Following the content guidance from the various Authority Documents1, contribution through a centralized API roughly follows the data model shown below:
Breaking the data model down
For clarity, we will break the data model into its constituent parts, describing how a contribution would take place.
A Person who is
part of an Organization is
assigned a Role of contributor (Author, Mapper, etc.)
as part of a Project that contains an
Authority Document (or as NIST OSCAL calls it a catalog) that has various
Citations (or SWID entries, or catalog entries, or reference elements) that have identified
Dictionary Terms (such as product names, tagged nouns or verbs) and a possible match to a
Reference Control (or focus control or Common Control).
We will call this continuous process an entry.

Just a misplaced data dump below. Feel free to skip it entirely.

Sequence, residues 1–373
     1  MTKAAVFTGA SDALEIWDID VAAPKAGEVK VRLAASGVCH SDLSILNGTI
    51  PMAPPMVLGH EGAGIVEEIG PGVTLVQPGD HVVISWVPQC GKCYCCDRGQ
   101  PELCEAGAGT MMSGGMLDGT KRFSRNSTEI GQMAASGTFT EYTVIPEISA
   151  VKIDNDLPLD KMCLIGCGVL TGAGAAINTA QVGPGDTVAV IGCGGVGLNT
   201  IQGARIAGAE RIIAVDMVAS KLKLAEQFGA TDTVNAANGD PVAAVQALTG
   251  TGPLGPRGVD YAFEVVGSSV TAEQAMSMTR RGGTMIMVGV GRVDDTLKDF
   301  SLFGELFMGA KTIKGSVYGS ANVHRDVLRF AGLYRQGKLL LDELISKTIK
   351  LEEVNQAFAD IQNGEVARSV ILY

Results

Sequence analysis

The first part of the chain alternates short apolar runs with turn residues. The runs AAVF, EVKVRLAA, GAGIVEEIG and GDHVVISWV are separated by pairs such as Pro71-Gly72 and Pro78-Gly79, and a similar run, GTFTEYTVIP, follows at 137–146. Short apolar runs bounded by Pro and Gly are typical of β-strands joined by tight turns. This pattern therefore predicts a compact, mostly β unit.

A catalog of the following will be queryable via API:
Authority Documents and entries,
contributors (and associated persons)
Furthermore, the API will allow disambiguated persons from disambiguated organizations to create entries.
In order to build out this data model and ensure that it works through a publicly published API, five steps need to be completed for each schema in the data model:
A schema will be proposed for comment.
The schema will be publicly distributed and discussion will be requested.
When the discussion has reached its logical conclusion, the schema will be voted on and locked.
Once the schema is locked, API building and testing will be undertaken, with alpha and beta versions of the API made available for testing and discussion.
When the discussion has reached its logical conclusion, the API’s possible versions will be voted on and locked. Once locked it will be made publicly available.
This can be accomplished in a stair-step manner wherein we build out the schema and APIs from their logical progression as listed in the contribution scenario above. Once a schema has been voted on and locked, the next schema in the logical progression can be proposed.